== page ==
Subject Alternate Name (SAN) / Unified Communication (UC)
Subject Alternative Names protect multiple host names with a single SSL certificate. It allows specifying a list of host names to be protected by a single SSL certificate.

The Subject Alternative Name extension has been a part of the X509 certificate standard since before 1999, but only recently achieved widespread use with the launch of Microsoft Exchange Server 2007—which makes good use of Subject Alternative Name to simplify server configuration.

Secure host names on different base domains in one certificate. Virtual Host Multiple SSL sites on a single IP address. Hosting multiple SSL-enabled sites on a single server typically requires a unique IP address per site, but a certificate with Subject Alternative Names can solve this problem. Microsoft IIS 6 and Apache are both able to Virtual Host HTTPS sites using Unified Communications SSL certificate, also known as SAN certificates.

SAN Certificates can secure: Multiple fully qualified domain names (FQDN) with a single certificate. SAN Certificates are often needed to secure Exchange 2007 Server or Office Communications Server 2007.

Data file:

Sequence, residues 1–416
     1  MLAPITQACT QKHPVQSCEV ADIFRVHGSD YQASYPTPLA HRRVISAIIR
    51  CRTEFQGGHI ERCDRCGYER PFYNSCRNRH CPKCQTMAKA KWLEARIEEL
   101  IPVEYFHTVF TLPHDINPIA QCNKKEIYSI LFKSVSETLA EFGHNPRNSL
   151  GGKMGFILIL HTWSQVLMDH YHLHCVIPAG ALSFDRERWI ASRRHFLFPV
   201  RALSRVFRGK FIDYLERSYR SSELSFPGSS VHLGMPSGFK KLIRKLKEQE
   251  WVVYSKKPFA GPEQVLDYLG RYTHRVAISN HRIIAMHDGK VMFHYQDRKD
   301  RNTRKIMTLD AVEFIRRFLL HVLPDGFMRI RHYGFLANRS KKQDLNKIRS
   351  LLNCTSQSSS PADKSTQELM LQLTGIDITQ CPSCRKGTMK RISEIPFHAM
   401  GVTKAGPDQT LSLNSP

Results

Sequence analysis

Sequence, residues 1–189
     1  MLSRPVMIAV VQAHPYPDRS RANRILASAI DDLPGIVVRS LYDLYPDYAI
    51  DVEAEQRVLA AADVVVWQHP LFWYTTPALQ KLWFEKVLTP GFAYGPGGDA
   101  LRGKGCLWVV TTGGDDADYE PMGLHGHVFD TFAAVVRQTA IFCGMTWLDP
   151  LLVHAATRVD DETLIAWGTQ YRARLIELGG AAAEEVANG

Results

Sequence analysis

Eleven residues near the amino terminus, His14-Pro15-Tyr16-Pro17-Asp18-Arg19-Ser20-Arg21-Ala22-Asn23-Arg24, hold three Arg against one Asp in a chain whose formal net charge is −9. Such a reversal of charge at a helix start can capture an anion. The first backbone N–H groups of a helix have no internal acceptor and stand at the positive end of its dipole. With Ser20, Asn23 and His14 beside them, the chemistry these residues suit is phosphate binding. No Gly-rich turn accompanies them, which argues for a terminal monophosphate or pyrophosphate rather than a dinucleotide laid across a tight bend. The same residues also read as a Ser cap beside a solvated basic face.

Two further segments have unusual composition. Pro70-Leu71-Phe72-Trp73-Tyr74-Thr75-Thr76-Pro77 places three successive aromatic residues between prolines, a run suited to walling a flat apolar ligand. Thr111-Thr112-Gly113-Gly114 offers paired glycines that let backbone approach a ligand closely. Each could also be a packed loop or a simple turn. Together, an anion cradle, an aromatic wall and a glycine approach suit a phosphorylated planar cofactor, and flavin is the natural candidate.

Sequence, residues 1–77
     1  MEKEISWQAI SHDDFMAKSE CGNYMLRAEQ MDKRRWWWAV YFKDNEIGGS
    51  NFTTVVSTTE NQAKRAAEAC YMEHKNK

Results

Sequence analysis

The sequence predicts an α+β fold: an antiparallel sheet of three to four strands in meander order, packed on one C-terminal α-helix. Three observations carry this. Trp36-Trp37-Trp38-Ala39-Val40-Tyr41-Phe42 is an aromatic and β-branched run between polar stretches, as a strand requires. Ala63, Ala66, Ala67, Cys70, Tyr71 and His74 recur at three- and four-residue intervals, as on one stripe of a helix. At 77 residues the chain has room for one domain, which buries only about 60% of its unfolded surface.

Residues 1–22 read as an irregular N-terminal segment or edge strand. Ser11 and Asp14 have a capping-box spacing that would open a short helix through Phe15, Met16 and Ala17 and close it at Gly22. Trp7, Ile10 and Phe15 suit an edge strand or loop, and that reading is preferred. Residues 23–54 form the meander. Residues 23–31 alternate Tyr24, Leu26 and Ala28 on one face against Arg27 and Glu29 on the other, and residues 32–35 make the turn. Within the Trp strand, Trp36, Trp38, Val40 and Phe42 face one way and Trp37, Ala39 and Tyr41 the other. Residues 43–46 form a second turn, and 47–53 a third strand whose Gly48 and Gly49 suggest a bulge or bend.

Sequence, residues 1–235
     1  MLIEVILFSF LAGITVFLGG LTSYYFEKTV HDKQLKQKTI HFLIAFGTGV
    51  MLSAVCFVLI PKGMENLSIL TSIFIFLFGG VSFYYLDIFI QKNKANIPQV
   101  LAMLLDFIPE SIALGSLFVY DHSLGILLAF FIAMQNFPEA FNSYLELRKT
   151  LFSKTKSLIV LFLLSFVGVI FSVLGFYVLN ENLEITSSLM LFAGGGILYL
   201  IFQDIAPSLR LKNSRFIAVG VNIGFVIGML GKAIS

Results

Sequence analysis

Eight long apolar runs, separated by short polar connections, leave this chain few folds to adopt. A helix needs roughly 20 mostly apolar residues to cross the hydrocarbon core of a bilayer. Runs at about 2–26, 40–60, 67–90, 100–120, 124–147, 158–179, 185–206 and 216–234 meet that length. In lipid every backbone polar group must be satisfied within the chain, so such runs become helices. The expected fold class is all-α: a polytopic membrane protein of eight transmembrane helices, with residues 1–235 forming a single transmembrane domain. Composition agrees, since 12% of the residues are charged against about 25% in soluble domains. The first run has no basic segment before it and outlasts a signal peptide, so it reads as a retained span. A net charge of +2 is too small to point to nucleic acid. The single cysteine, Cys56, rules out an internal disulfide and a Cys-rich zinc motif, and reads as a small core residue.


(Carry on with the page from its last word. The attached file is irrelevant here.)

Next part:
Instances where there is a need to secure multiple domains that resolve to a single IP address (such as in a shared hosting environment).

Using a SAN certificate saves the hassle and time involved in configuring multiple IP addresses on Exchange 2007 server, binding each IP address to a different certificate, and running a lot of low level PowerShell commands just to piece it all together.

When browsers connect to server using https, they check to make sure SSL certificate matches the host name in the address bar.
There are three ways for browsers to find a match:
  • The host name (in the address bar) exactly matches the Common Name in the certificate's Subject.
  • The host name matches a wildcard common name. For example, www.example.com matches the common name *.example.com
  • The host name is listed in the Subject Alternative Name field.
Comparing the Server Name it connects to with the Common Name in the Server certificate is a common way SSL client (Browser) match the host name typed in the address bar. It's a safe to assume that all SSL clients support exact common name matching.

If an SSL certificate has a Subject Alternative Name (SAN) field, then SSL clients are supposed to ignore the common name value and seek a match in the SAN list.
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